2) Osteocalcin (bone Gla-protein/OC) is a small (49 amino acids) hydroxyapatite-binding protein synthesized by osteoblasts, odontoblasts and to a lesser extent by hypertrophic chondrocytes. It is a vitamin K dependent protein. It contains three gamma-carboxyglutamic acid (Gla) residues which are responsible for the calcium binding properties of the protein. OC is involved in bone remodeling via a negative feedback mechanism. It is predominantly synthesized by the osteoblasts and is incorporated into the extracellular matrix of bone. Serum OC is considered to be a specific marker of osteoblast function, as its levels correlate with bone formation rates. However, this peptide is rapidly degraded in serum and both intact peptides and OC fragments of various sizes coexist in the circulation. Assays that measure both the intact molecule and the large N-mid fragment of OC (1-43) appear to be more stable and reproducible (6). Measurement of decarboxylated osteocalcin levels have been shown to be a good predictor of hip fracture in elderly women (7). Serial measurements of OC have been shown to be an excellent marker to assess the long term effects of antiresorptive therapy (1).
3) Procollagen I Extension Peptides (PICP) (PINP): Collagen is synthesized as procollagen containing peptide extensions in both C and N terminal ends. These are cleared from the rest of the molecule before its incorporation into the collagen fibrils. Byproducts of type 1 collagen synthesis are the amino- and carboxy-terminal procollagen 1 extension peptides (PINP and PICP). PINP is an elongated protein of 35 kDa. PICP is a globular protein of 1000 kDa and contains disulfide bonds (8). Procollagen peptides are produced in equimolar ratios to collagen and are then released into the circulation (1). Both propeptides may be measured by specific polyclonal based immunoassays (6). A cut off level of >45.0µg/L for PINP, as measured by Orion diagnostica RIA assay had a diagnostic sensitivity of 83% and a specificity of 64% for identifying women with decreased BMD, with an overall diagnostic efficiency of 73% (9).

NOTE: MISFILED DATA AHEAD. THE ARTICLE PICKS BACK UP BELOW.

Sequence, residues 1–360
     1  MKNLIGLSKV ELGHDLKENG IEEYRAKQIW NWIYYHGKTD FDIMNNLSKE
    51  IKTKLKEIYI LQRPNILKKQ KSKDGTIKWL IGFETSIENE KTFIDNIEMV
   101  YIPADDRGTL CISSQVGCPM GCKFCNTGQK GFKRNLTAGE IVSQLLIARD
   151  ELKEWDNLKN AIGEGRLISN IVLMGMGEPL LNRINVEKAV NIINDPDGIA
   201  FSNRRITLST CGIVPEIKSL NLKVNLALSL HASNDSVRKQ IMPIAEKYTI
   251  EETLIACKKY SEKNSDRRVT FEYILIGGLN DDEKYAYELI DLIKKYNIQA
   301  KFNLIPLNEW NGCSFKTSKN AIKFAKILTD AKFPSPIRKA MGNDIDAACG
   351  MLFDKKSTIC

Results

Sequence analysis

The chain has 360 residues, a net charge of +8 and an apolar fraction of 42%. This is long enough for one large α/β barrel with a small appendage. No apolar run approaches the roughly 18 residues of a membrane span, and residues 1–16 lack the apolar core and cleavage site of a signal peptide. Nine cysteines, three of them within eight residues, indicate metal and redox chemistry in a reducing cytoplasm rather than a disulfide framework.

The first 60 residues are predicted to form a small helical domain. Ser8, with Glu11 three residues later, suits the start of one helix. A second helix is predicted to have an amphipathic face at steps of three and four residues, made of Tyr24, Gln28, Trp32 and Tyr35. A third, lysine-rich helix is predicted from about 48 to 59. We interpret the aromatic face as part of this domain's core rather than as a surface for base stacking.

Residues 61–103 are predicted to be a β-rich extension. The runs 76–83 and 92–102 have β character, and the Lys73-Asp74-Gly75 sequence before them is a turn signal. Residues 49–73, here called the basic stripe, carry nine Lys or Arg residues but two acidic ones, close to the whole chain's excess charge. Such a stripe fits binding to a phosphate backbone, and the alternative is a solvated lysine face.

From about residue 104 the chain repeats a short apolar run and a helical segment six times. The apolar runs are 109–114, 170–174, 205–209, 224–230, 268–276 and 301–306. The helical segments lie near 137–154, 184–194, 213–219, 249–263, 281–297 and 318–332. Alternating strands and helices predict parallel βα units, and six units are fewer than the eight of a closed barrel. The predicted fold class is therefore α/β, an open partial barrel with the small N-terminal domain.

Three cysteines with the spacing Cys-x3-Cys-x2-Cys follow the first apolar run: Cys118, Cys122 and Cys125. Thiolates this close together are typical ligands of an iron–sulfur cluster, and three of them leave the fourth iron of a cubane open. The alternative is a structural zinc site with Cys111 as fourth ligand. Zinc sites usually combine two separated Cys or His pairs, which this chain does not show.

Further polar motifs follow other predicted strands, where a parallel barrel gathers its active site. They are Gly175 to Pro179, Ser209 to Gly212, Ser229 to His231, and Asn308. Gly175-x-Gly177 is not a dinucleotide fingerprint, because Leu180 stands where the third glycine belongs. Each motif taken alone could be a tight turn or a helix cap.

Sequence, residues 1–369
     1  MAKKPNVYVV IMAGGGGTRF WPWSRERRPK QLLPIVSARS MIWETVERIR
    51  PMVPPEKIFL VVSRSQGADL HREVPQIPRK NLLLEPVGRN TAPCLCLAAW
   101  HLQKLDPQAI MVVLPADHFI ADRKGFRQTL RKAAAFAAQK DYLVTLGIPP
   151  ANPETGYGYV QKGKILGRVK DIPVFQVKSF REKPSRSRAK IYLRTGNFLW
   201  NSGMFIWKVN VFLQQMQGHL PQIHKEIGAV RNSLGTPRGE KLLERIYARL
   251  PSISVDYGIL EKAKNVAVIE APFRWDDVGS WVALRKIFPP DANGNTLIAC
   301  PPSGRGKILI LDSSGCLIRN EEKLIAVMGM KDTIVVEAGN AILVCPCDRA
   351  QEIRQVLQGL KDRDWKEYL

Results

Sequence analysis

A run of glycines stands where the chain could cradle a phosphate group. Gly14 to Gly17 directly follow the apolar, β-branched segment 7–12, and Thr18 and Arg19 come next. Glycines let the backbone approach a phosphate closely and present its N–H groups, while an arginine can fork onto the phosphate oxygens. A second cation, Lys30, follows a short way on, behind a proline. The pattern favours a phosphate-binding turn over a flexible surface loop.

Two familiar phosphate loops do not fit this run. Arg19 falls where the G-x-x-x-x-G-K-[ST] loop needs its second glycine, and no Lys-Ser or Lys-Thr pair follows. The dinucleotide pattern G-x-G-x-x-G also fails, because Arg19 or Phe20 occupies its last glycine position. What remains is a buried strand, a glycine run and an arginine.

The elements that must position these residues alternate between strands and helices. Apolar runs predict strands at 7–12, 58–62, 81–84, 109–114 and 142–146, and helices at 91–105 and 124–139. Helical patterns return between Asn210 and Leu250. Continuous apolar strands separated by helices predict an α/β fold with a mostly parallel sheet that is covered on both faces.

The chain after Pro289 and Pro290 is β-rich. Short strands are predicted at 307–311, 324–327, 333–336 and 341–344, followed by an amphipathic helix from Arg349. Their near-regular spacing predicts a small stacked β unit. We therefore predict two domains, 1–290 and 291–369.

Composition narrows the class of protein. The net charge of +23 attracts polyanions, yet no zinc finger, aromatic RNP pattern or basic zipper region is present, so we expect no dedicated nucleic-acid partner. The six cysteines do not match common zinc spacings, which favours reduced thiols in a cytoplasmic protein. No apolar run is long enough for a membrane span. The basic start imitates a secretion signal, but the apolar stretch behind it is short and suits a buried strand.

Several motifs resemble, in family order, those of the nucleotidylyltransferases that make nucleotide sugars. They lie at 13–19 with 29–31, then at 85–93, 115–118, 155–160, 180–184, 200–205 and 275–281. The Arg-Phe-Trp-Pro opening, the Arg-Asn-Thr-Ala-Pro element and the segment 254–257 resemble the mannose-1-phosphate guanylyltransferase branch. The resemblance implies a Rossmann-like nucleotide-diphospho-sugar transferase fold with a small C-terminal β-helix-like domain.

Measuring Bone Resorption
Most biochemical markers of bone resorption are degradation products of bone collagen, but noncollagenous proteins such as bone sialoprotein or tartarate-resistant acid phosphatase are being investigated.
1) Hydroxyproline: Hydroxyproline is mainly found in collagens, comprising about 13% of the amino acid content of these proteins. About 90% of the hydroxyproline released by the breakdown of collagen in the tissues, especially during bone resorption, is degraded to the free amino acid form that readily passes through the glomerulus. It is eventually completely oxidized and catabolised in the liver to form urea and carbon dioxide. The remaining 10% is released as small poly peptide chains that are excreted in urine without any further metabolism. Since half of the human collagen resides in bone, excretion of hydroxyproline in urine is regarded as a marker of bone resorption (10),(11).
Urinary hydroxyproline(OHPr) is thus considered as an index of bone resorption and a major determinant of bone status. Monitoring bone status through the urinary excretion of OHPr could serve as a surveillance measure in the early intervention against excessive bone loss. There is therefore, the need to establish normal acceptable ranges for the urinary excretion of OHPr in various communities beyond which individuals will be at a risk of excessive bone loss and may consequently be predisposed to fractures (12).
Hydroxylysine glycosides are integral parts of bone collagen and occur in two forms:- Glycosyl –galactosyl-hydroxylysine (Glc-Gal-Hyl) and galactosyl-hydroxylysine (Gal-hyl). Both components are released into the circulation during collagen degradation and may be measured in urine by HPLC6. Gal-hyl appears to be specific for bone collagen degradation. It is a more sensitive marker than hydroxyproline, since it is not metabolised further, not reutilised by the body nor is affected by diet13. It’s major disadvantage is the lack of immunoassay format (6).